Johannesburg - Duduzane Zuma has told the commission of inquiry into state capture that he is now willing to appear and testify on his version of events.
Zuma's legal counsel Dawie Joubert told the inquiry last week that his client would like to testify at the inquiry, but he can't as he is facing parallel charges related to state capture.
Duduzane Zuma is facing charges related to the bribery of Jonas and has been released on bail and is expected to appear in January 2019 for the case.
Joubert said Duduzane has been charged unfairly as it is clear from the evidence submitted that Jonas did not lay a criminal case against him. Duduzane's ability to appear before the inquiry is hampered by the case he is facing.
On Monday in the letter read out by Advocate Paul Pretorius, who is part of the commission's legal team, Zuma said he was willing to appear.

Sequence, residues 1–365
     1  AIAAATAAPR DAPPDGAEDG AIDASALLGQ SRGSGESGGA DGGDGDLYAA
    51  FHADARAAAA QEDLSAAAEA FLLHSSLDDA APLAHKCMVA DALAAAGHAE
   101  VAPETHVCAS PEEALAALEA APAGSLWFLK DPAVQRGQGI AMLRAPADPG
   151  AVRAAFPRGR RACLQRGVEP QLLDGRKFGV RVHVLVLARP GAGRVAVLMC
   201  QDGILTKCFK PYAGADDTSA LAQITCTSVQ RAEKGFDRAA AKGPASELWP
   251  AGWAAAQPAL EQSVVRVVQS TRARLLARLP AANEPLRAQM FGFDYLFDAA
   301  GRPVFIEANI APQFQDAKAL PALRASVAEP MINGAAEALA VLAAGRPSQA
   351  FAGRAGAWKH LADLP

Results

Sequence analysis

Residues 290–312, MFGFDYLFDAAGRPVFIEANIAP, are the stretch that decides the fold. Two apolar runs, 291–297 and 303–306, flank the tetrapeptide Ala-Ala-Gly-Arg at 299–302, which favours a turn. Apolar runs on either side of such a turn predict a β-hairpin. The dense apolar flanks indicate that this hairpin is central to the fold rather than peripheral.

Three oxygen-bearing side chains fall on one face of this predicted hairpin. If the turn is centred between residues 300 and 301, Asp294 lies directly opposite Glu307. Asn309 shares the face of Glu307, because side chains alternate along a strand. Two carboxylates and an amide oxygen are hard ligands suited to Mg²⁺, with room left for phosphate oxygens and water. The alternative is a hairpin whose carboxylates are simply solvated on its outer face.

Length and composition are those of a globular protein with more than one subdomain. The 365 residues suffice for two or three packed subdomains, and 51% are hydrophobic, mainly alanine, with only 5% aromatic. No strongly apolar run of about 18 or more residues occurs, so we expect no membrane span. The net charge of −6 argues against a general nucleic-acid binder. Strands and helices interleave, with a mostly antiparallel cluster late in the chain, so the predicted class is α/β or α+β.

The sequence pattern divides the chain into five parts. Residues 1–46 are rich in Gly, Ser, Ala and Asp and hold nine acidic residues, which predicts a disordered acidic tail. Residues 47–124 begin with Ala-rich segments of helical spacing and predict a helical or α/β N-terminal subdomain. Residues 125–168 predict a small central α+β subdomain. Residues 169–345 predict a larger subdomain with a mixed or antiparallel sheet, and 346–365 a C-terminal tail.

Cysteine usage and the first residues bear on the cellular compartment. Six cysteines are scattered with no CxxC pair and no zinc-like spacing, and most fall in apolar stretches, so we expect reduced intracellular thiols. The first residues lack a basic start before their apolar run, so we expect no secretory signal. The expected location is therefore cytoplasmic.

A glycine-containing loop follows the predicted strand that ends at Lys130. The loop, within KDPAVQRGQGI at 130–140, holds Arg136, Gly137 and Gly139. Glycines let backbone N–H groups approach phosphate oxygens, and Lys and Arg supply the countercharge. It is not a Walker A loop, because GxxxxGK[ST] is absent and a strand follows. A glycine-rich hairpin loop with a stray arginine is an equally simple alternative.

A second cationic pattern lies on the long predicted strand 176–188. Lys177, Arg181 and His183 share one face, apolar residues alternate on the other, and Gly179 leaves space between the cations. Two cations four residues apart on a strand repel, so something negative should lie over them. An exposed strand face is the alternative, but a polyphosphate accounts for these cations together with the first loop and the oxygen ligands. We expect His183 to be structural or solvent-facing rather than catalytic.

"He is prepared to attend and appear as a witness before the commission in terms of the evidence given by Mcebisi Jonas. We are asked to place this before the commission," said Pretorius.
"It is good for the process of the commission that Mr Duduzane Zuma has made a decision that he will be prepared to give evidence. This immediately places him in the same positions as those applicants seeking to cross-examine," said commission chairperson Raymond Zondo.
Jonas told the inquiry that he had been offered the position of finance minister, replacing Nhlanhlana Nene. He said he was offered the position by Ajay Gupta in the presence of Duduzane Zuma and businessman Fana Hlongwane. He added that he was offered a bribe of R600 000 in cash and would later be paid R600 million for taking up the position.
Zuma has applied to cross-examine Jonas.
Zondo is this week expected is expected to rule on whether to allow Rajesh Gupta, Ajay Gupta, and Duduzane Zuma's applications to cross-examine witnesses.